Cryptography

The History and Mathematics of Codes and Code Breaking

Author: Andrew

What is Privacy?

"the failure to reach consensus on a definition of privacy may be frustrating to some, legal scholar Daniel Solove argues that each approach to privacy reveals insight into how we manage privacy in everyday life" (boyd, 59).

The above quote highlights an issue that we have peripherally mentioned since the beginning of this course. We have focused on privacy versus surveillance, or privacy versus security. We have alternated using surveillance and security because it is hard to pinpoint exactly which of them to which we are referring. However, although a slight majority of the class is on the side of privacy, we have not debated the use of the word privacy. We also haven't reached a clear consensus on privacy as a class, which is interesting to me. How can we be so sure privacy is the word we want to use if we don't have an actual definition of the word in the context we wish to use it.

boyd lists three different definitions of privacy, and although they are all similar in some ways, they are all definitely different definitions. I am also interested that the three definitions she list are all presented by people in law. I do not wholeheartedly agree with any of the definitions, and I'm sure that there each member of our class has their own personal definition of privacy. Technology experts would have different definitions, and I suspect that each privacy-oriented career would have individuals with their own definitions.

How can we continue to debate privacy versus surveillance or security when we do not have one clear definition of privacy for this debate? I do not believe that this debate will ever be settled, but I also think that it will be even harder to be settled without clear definitions for both sides of the issue. The definition of privacy was not something that I had previously considered before reading this work by boyd, but now I am extremely interested in its definition.

Illegal Math: Fact not Fiction

I chose the beginning of chapter 17, when Marcus and Ange went to the journalist, Barbara Stratford, to expose the rampant abuses of power that were occurring in San Francisco. During this, they discovered that Barbara herself had covered the original ‘crypto wars’ in the 90’s. Barbara describes how the government had labeled cryptography as a munition and made it illegal to use it or export it, all in the name of national security. While I thought this was really interesting, the next sentence blew my mind. This means that we had ILLEGAL math. MATH, made illegal.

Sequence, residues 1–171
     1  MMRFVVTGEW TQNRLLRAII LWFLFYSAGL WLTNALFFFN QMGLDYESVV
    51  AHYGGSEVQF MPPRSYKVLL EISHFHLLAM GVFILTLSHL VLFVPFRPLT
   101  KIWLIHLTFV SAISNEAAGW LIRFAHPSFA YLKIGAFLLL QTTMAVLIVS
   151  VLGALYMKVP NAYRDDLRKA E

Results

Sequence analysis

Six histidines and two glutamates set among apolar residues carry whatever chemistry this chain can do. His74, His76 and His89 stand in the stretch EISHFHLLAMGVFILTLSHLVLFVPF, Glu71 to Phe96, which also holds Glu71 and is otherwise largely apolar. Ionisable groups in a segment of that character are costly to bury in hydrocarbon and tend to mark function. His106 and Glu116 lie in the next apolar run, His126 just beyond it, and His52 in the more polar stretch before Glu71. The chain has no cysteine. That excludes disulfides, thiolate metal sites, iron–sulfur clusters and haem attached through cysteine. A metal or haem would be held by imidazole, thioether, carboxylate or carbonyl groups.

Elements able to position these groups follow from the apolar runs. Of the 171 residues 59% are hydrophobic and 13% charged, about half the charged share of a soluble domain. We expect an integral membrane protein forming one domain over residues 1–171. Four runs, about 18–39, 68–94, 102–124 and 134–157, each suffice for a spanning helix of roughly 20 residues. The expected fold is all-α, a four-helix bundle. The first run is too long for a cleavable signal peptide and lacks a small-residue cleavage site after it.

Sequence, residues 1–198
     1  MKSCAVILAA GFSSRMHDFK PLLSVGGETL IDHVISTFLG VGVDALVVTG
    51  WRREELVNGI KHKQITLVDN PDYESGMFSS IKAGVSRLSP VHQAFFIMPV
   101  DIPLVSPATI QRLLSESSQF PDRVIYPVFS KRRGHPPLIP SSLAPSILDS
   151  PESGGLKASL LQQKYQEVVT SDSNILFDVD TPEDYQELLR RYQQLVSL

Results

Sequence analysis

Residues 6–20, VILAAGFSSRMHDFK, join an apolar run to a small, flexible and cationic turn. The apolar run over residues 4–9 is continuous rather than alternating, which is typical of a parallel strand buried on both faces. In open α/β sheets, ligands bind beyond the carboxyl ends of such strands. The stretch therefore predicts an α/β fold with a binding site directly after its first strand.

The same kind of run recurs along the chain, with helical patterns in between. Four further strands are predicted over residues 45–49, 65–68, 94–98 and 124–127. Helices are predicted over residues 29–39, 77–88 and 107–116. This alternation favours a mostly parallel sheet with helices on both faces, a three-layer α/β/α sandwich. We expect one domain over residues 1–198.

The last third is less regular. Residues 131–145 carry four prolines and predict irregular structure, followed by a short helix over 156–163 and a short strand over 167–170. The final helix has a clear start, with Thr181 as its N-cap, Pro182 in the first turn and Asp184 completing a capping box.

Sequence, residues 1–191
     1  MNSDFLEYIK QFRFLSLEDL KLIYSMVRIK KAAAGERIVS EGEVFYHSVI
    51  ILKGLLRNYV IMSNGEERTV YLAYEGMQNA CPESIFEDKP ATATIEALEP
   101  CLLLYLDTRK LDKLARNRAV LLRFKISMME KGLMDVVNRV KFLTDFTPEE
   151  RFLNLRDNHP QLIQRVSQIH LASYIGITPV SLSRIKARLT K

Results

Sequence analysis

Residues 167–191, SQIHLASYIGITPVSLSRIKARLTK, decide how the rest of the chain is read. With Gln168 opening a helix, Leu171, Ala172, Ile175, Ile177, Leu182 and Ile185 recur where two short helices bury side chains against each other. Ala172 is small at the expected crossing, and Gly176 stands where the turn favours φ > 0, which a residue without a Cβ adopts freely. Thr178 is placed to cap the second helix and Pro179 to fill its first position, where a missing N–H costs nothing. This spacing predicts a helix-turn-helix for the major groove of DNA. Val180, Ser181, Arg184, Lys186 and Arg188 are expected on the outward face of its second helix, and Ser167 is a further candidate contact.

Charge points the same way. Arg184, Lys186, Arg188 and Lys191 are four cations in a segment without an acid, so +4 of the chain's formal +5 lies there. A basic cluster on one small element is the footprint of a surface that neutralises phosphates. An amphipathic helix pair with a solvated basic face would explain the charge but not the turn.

Can you imagine there being a time when certain equations and formulae were considered illegal? This interests me most because less than two decades after this illegal math, we are taking a class specifically about this illegal math. We’ve seen in class how cryptography has been used throughout history, and it always has been, and probably always will be, a part of life in government. However, it was always that it was only accessible to the wealthy, and those in government. No one else could afford the knowledge required, so we couldn’t keep secrets from the government. With the rapid spread of computers and advancement in technology, suddenly average citizens could afford to encode their messages, and it is very interesting to me that the government was so threatened by this that they felt the need to ban this knowledge.

Of course, it is also my opinion that, like Prohibition, this just proliferated the use of cryptography, but with even less government control. My favorite part of class so far has been our discussions about the intersection of cryptography, government, and privacy, which is why Little Brother, and especially this chapter hold my interest so well. With cryptography and cryptanalysis becoming ever more advanced, it will be exciting to see how the government handles all this as well.

Allies versus Germans: they won because they were Allies